Počitelj is a beautiful medieval town situated 30 km from Mostar, on the left bank of the river Neretva. This stone town was built on a hill that dominates the riverbed of the Neretva River.
In the middle ages, Počitelj was the administrative center and center of governance of Dubrava župa (county), and its westernmost point, which gave it major strategic importance. It is supposed that the fortified town and its attendant settlements were built by Bosnia’s King Stjepan Tvrtko I in 1383.
The walled town of evolved over the period from the sixteenth to the eighteenth centuries. Architecturally, the surviving stone-built parts of the town are a fortified complex, in which two stages of evolution can be seen: the medieval, and Ottoman. With the establishment of Austro-Hungarian rule in BiH in 1878, Počitelj lost its strategic importance and began to deteriorate rapidly. The loss of the town’s strategic role helped to safeguard the original urban architectural ensemble, so that the town has been preserved in its original form to this day. During the 1992-96 war in BiH the entire historic urban site of the city and all its various buildings suffered extensive war damage. In 1996, Počitelj was named by World Monuments Watch as one of the world’s 100 most endangered cultural heritage sites, as proposed by the University of York, United Kingdom, and the University of Sarajevo, in light of its outstanding value.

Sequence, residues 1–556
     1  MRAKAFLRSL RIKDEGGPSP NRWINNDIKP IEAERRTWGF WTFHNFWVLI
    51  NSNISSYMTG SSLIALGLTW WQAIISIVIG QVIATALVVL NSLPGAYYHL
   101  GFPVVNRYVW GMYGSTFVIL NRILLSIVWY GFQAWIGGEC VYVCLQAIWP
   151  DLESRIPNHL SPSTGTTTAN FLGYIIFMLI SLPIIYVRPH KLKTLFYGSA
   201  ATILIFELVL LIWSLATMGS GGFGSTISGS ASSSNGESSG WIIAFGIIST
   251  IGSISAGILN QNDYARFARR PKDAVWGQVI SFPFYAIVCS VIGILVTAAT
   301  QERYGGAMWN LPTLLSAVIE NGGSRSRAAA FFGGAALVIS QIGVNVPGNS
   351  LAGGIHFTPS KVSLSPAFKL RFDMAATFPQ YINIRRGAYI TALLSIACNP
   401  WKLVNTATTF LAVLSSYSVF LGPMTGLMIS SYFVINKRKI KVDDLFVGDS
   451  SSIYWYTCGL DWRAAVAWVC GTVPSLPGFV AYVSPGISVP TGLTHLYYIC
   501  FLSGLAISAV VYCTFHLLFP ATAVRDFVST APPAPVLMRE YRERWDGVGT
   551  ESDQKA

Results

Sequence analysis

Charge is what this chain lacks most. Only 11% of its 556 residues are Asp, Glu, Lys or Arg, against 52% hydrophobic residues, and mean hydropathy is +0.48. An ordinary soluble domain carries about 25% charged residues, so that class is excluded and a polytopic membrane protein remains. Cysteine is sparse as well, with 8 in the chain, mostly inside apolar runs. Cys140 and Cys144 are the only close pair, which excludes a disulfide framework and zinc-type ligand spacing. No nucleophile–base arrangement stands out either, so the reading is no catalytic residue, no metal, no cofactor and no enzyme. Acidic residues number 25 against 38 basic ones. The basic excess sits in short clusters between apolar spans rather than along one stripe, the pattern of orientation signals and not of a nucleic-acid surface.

Počitelj can be compared with some of the world heritage sites as: Old Bridge Area of the City of Mostar (Bosnia and Herzegovina), City of Safranbolu (Turkey), Museum-City of Gjirokastra (Albania), Natural and Cultural Heritage of the Ohrid region (the Former Yugoslav Republic of Macedonia), etc. The layout of Počitelj, its architecture and use of materials put it into the group of Ottoman Mediterranean types of small settlements.